U.S. Supreme Court
Carr v. Quigley, 149 U.S. 652 (1893)
Carr v. Quigley
Argued April 26-27, 1893
Decided May 15, 1893
149 U.S. 652
Lands within the exterior limits of a Mexican grant, sub judice at the date of the definite location of the Central Pacific railroad, were not "reserved" within the meaning of that word as used in section three of the Act of July 1, 1862, 12 Stat. 459, c. 120, but inured to the road as a portion of its land grant and were properly patented to it as such.
This was an action of ejectment brought by W. B. Carr against John Quigley for the possession of one hundred and sixty acres of land situated in the County of Alameda, State of California. The land is a portion of an unnumbered odd section granted to the Central Pacific Railroad Company of California by the Act of Congress of July 1, 1862, as amended by the Act of July 2, 1864, and which, by the consolidation of the Western Pacific Railroad Company with the Central Pacific Railroad Company, under the laws of California, in June, 1870, inured to the latter company, and to it a patent of the United States for the land mentioned was issued, bearing date on the 17th day of May, 1874.
The plaintiff claimed title to the demanded premises under a conveyance to him by the Central Pacific Railroad Company on the 10th of June, 1871.
The complaint alleges that the plaintiff was the owner in fee, and entitled to the possession of the premises on the 22d of December, 1877, and that on that day, the defendant, without right or title, against the will of the plaintiff, entered upon the premises and ejected the plaintiff therefrom, and has ever since withheld the possession from him to his damage of $1,000, and that the value of the annual rent of the premises is $320. He therefore prays judgment for the restitution of the premises, for the damages sustained, and for the rents and profits. chanroblesvirtualawlibrary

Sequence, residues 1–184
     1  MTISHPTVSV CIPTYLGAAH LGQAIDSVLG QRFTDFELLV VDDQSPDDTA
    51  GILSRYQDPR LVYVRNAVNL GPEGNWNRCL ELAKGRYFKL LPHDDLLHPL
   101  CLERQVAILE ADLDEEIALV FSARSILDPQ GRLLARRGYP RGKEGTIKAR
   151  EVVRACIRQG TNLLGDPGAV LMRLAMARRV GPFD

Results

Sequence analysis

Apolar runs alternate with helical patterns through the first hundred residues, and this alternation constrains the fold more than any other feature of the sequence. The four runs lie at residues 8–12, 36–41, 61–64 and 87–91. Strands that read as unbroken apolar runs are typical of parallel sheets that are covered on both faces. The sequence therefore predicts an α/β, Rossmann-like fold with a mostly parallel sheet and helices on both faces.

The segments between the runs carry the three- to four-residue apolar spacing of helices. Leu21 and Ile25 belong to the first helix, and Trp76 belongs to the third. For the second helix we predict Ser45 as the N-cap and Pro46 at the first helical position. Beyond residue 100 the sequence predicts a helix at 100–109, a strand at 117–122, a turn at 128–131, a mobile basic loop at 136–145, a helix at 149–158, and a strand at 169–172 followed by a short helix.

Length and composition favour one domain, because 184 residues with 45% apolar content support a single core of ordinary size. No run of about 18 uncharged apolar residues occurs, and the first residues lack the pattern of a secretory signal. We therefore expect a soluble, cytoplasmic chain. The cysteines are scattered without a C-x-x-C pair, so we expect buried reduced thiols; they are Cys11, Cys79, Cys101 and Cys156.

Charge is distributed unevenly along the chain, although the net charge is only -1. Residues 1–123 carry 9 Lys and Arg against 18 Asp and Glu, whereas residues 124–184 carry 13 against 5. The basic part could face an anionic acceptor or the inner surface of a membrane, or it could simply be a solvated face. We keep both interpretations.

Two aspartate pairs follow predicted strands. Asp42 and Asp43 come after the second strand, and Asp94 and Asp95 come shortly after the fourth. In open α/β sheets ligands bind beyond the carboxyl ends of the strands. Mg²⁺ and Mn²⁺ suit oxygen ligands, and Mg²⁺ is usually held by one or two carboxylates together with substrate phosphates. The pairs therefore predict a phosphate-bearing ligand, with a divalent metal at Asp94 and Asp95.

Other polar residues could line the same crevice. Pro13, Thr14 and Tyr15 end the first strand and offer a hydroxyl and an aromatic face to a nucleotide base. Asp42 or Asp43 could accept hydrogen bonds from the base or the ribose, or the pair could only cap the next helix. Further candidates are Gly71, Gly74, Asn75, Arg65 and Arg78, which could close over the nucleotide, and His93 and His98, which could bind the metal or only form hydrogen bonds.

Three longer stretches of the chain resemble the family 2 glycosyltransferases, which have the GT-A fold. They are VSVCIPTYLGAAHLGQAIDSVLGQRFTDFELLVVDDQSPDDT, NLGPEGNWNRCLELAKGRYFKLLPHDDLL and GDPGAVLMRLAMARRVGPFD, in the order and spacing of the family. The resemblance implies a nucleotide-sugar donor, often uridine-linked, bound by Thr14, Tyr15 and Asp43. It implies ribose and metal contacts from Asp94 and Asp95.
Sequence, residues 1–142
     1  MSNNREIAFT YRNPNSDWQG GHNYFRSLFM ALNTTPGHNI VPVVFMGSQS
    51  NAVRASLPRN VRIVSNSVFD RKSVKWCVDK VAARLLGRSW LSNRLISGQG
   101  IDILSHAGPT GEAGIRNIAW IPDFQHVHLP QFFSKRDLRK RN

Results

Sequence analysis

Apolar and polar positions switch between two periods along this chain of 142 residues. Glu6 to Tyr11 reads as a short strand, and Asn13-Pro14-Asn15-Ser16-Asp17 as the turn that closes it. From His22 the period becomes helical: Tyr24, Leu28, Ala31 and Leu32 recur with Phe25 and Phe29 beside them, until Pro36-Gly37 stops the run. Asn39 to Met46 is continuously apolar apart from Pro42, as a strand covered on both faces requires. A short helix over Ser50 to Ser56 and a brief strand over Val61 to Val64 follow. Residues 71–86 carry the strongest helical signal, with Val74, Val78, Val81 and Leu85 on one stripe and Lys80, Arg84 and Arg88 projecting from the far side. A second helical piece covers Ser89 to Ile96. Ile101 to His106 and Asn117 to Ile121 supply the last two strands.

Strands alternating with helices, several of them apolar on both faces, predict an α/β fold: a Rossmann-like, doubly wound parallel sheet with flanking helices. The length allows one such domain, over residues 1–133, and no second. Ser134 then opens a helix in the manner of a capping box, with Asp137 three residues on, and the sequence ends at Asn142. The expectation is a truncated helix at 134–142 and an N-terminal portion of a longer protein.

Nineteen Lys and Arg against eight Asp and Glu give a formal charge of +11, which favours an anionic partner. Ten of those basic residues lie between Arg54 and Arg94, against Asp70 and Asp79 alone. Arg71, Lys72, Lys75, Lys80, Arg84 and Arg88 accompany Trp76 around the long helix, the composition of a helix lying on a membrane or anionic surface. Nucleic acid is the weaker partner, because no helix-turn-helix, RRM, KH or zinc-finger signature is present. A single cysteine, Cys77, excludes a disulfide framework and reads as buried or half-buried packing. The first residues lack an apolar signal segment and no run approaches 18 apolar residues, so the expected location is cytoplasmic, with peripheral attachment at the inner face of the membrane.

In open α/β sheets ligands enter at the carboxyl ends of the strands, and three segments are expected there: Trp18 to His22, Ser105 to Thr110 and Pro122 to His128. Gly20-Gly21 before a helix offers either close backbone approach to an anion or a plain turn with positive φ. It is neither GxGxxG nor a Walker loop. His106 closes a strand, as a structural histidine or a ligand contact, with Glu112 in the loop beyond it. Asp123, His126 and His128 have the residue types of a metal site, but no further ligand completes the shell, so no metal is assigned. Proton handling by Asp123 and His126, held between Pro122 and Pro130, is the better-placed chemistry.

The defendant, in his amended answer, in addition to a general denial of the allegations of the complaint, sets up 1st that at the date of the patent to the railroad company the land patented was not subject to the disposal of Congress, but was land reserved to answer the calls for land of a grant from the Mexican government to Jose Noriega and Robert Livermore, bearing date the 10th of April, 1839, and that by reason of such reservation the patent was issued without authority of law, and consequently was void; that since October, 1877, the defendant has been in rightful possession of the land as a preemptor under the laws of the United States, and 2d that the land was not sold by the grantee, the railroad company, within three years after the completion of its road.
A demurrer to this last defense was sustained by the court, and its ruling was acquiesced in.
It was agreed that the annual value of the rents and profits of the land was fifty dollars.
The case was tried twice. On the first trial, in the district court of Alameda County, the plaintiff put in evidence the patent of the United States of the land to the Central Pacific Railroad, and a conveyance of the same by that company to the plaintiff. The defendant then offered to prove that the land was within the exterior boundaries of the Mexican grant mentioned, and therefore reserved from the congressional grant to the railroad company. The plaintiff objected to the offered proof on the ground that the land was not subject to preemption when the defendant entered upon it, the patent of the United States having been previously issued, which was conclusive in an action of ejectment. The objection was sustained, to which the defendant excepted, and judgment was rendered for the plaintiff. Thereupon an appeal was taken by the defendant to the Supreme Court of California, and in January, 1881, the judgment was reversed and the cause remanded for a new trial. In April, 1883, the case again came on for trial in the Superior Court of Alameda county, the successor to the district court of that county, under the new Constitution of California, which went into operation on the 1st of January, 1880. On that trial, the evidence offered chanroblesvirtualawlibrary
by the defendant, which was excluded on the previous trial, was admitted and new testimony given bearing upon the question of the reservation of the land in controversy. The defendant obtained a judgment, the court holding that the land was claimed as a part of the Mexican grant mentioned and was reserved for its satisfaction. A motion for a new trial was denied. An appeal was then taken from the order denying the motion, and also from the judgment, to the supreme court of the state, which affirmed both the order denying a new trial and the judgment for the defendant, and for a review of the judgment the case is brought here on writ of error.